Aircraft

The Record-Setting C-5M

By Jeff Rhodes Posted 23 April 2010

The fall of 2009 was one for the record books for the C-5M Super Galaxy strategic transport. In September, a joint US Air Force and Lockheed Martin flight crew set forty-one world aeronautical records on a single flight from Dover AFB, Delaware. And in November, an Air Force Reserve Command crew set a speed over a closed course record flying from Dover to Turkey.

The early morning flight on 13 September broke eight existing world records and established marks in thirty-three other categories where there had been no previous record attempt. The records were set in the Class C-1.S, Jet category for altitude in horizontal flight; altitude with payload; time to climb and, separately, time to climb with payload; and greatest payload to 2,000 meters.

These records demonstrate the C-5M’s ability to quickly get out of harm’s way and fly at operational altitudes, all with a payload heavier than any other US airlifter can carry.

Class C-1.S is for aircraft weighing from 250,000 kilograms (551,155 pounds) to 300,000 kilograms (661,386 pounds). The C-5M had a takeoff weight of 649,680 pounds (nearly 327 tons), which included fuel, crew weight, equipment, and the 176,450-pound payload.

The flight set a new record for altitude with payload of 41,188 feet. It also set marks for time to climb and with payloads of 35,000 kilograms (77,162 pounds), 40,000 kilograms (88,185 pounds), 45,000 kilograms (99,208 pounds), 50,000 kilograms (110,231 pounds), 60,000 kilograms (132,277 pounds), 70,000 kilograms (154,323 pounds), and 80,000 kilograms (176,370 pounds). The flight took 4 minutes, 13 seconds to attain 3,000 meters (9,843 feet) altitude; 7 minutes, 27 seconds to attain 6,000 meters (19,685 feet); 13 minutes, 8 seconds to attain 9,000 meters (29,528 feet); and 23 minutes, 59 seconds to attain 12,000 meters (39,371 feet).

The flight also broke existing class records for altitude with payloads of 35,000, 40,000, 45,000, 50,000, 60,000, and 70,000 kilograms, (achieved at 41,188 feet) and altitude in horizontal flight (41,116 feet held for more than ninety seconds). The mission also broke the existing record for greatest payload (80,036 kilograms/176,450 pounds) to 2,000 meters (6,562 feet).

The new altitude in horizontal flight record broke the mark set by a Russian crew in a Tupolev Tu-160 bomber in 1989. The other records were set in 1993 by crews flying a C-17 airlifter.

Planning and coordination for the record flight took several months. Because this was a mass-to-altitude flight, each component—the aircraft, the payload, the fuel, and even the crew and their personal equipment—had to be carefully weighed beforehand. Kris Maynard, an observer with National Aeronautic Association, the nation’s oldest aviation organization, supervised the weigh-in. The NAA is the US representative to the Fédération Aéronautique Internationale, or FAI, the sanctioning body for all world aviation records.

As can be imagined, weighing a C-5 is not an easy task. The C-5M, Air Force serial number 86-0013 and nicknamed Spirit of Normandy, was towed into a hangar, and scales were set up under each landing gear bogie. Calculating the weight of the C-5M took the better part of a day.

Next, the payload was weighed. The 176,610-pound payload consisted of twenty-nine standard 463L military pallets with additional pallets stacked and strapped down on top of them. Each pallet of pallets had to be individually weighed on the scales at Dover’s aerial port squadron. All C-5s can carry thirty-six pallets.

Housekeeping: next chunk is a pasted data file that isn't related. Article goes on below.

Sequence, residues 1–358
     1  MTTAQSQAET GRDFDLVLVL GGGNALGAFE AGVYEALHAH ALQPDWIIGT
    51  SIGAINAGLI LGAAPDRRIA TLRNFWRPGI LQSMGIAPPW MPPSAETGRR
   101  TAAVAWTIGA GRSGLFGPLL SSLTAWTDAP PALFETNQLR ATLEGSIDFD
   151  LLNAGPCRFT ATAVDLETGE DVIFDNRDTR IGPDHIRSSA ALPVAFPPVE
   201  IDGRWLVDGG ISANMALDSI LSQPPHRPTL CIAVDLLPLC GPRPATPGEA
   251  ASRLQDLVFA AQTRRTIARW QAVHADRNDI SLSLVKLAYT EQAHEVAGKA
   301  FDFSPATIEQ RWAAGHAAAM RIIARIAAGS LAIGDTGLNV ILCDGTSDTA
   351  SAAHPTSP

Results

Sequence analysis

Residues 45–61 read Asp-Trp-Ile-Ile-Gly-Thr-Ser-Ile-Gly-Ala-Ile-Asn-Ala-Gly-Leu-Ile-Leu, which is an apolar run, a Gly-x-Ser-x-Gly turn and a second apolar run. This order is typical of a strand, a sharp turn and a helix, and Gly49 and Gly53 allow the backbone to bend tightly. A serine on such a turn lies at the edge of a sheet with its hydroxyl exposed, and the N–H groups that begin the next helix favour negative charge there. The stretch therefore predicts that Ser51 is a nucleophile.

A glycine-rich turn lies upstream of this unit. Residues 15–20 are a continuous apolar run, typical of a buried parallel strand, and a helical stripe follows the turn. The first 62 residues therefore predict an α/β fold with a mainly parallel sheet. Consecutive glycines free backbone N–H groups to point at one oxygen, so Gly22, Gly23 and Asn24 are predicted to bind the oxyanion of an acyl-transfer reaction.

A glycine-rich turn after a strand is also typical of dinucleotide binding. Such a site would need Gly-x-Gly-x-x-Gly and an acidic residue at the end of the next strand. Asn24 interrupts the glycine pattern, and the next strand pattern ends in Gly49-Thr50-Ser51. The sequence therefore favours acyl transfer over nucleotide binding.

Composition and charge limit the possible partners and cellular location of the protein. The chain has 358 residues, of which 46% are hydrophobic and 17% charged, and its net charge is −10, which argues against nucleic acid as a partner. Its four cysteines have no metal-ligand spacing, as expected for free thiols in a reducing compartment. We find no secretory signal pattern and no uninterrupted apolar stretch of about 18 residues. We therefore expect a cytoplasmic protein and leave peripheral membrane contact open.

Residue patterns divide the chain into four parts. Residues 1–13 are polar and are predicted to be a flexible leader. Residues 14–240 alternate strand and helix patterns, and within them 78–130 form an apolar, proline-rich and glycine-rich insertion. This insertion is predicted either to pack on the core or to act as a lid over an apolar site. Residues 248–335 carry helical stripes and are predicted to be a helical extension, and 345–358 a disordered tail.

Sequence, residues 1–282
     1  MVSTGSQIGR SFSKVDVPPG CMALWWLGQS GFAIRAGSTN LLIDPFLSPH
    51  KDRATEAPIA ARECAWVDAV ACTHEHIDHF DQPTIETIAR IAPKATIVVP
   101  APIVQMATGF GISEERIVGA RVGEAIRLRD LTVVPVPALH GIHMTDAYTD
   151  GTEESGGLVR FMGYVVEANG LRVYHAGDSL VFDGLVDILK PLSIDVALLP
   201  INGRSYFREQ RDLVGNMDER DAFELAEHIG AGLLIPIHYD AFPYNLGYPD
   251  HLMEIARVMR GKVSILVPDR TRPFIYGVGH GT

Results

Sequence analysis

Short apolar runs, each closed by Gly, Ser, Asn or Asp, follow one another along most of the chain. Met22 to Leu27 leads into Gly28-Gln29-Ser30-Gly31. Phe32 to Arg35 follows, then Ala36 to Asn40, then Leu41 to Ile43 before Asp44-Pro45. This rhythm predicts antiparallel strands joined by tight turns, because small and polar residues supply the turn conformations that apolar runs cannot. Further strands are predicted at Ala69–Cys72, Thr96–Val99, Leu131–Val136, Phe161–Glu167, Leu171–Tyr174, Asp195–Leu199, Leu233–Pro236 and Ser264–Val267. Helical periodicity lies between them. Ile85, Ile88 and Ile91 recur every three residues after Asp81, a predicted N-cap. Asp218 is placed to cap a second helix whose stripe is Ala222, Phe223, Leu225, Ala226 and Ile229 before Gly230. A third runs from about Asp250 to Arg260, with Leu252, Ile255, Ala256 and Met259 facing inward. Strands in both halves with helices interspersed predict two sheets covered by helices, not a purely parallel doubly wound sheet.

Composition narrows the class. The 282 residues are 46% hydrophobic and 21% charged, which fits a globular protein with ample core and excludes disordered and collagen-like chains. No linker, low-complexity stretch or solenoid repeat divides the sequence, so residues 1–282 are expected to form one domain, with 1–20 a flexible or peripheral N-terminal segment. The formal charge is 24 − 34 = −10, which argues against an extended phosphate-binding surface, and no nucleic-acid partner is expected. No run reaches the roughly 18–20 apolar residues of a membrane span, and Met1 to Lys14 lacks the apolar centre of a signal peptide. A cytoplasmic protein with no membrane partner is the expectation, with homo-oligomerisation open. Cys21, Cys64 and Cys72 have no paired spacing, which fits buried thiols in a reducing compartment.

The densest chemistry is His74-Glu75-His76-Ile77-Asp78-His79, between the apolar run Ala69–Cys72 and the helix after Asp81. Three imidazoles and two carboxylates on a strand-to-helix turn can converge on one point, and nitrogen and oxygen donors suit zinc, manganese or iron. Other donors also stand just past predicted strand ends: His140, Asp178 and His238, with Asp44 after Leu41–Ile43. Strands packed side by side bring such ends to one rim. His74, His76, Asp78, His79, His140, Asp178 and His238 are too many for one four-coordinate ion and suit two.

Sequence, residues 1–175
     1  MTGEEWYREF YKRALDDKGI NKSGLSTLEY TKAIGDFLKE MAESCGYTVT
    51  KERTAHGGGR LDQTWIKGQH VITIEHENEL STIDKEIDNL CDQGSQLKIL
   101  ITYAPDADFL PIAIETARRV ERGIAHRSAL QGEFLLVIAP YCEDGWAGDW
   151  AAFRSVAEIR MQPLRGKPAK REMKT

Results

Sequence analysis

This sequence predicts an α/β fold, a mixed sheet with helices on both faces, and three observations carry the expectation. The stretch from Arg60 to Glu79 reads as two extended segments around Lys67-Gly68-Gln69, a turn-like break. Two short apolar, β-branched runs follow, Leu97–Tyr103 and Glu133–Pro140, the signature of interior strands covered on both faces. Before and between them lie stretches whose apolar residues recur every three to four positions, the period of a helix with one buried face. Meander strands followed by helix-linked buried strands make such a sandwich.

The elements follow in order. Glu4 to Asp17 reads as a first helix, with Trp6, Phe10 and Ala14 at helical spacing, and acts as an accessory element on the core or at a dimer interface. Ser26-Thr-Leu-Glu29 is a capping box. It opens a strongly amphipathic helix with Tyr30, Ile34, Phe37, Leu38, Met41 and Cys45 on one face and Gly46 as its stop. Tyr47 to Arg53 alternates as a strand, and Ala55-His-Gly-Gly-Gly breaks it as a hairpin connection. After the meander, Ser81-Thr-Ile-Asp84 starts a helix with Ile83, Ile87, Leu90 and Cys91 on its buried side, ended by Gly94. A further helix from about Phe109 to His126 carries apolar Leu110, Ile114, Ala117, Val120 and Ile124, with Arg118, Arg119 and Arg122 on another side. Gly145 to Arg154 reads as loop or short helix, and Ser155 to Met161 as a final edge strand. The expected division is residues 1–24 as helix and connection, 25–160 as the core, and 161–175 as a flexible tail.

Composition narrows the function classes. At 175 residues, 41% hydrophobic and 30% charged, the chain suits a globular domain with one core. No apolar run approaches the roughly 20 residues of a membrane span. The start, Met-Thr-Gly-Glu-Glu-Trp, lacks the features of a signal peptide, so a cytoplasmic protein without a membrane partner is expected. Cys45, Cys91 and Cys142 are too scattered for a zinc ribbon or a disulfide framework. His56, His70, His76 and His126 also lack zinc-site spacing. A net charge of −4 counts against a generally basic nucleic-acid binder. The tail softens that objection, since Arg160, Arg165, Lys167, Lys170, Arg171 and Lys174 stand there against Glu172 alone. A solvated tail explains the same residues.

Using a new drive-on/drive-off system, the fuel trucks were first weighed full and then weighed empty to calculate the total fuel weight put on the aircraft. After loading and fueling, the aircraft was sealed until the crew boarded for takeoff.

The crew was augmented for the record flight and consisted of pilots, flight engineers, and loadmasters from Dover’s active duty 9th Airlift Squadron, Air Force Reserve Command’s 709th Airlift Squadron, Air Mobility Command, and Lockheed Martin. Air Force Maj. Cory Bulris, a 9th AS pilot and the 436th Operations Group C-5M Program Integration Office chief, was the aircraft commander.

Lt. Col. Scott Erickson, the pilot on the flight and a Reservist with the 709th AS, noted there wasn’t a lot of conversation on the flight deck during the 1.6-hour flight. “The crew knew we had benchmarks to reach and was working quietly. We were watching the altimeter with one eye and the clock with the other. We shared the anticipation. We just wanted to make sure everything went smoothly. And it did.”

The forty-one records were certified as US national records by the NAA in December and as world marks by the FAI in January.

The forty-second record came on 6 November when an Air Force Reserve crew led by Lt. Col. Mark Alderson set a new speed over a recognized course record flying from Dover to Incirlik AB, Turkey, in 10 hours, 9 minutes. The aircraft took off at a weight of 807,581 pounds and delivered a payload of 115,781 pounds, nonstop and unrefueled. The record was set in the third C-5M (serial number 69-0024), a former C-5A. That record is expected to be certified in early 2010.

“Both of these flights were well within the normal capabilities of the aircraft,” noted Erickson. “There was nothing we did that was outside of what is in the technical manual. What we did can be done in the C-5M every day.”

Jeff Rhodes is the associate editor of Code One.
Comments
Related Articles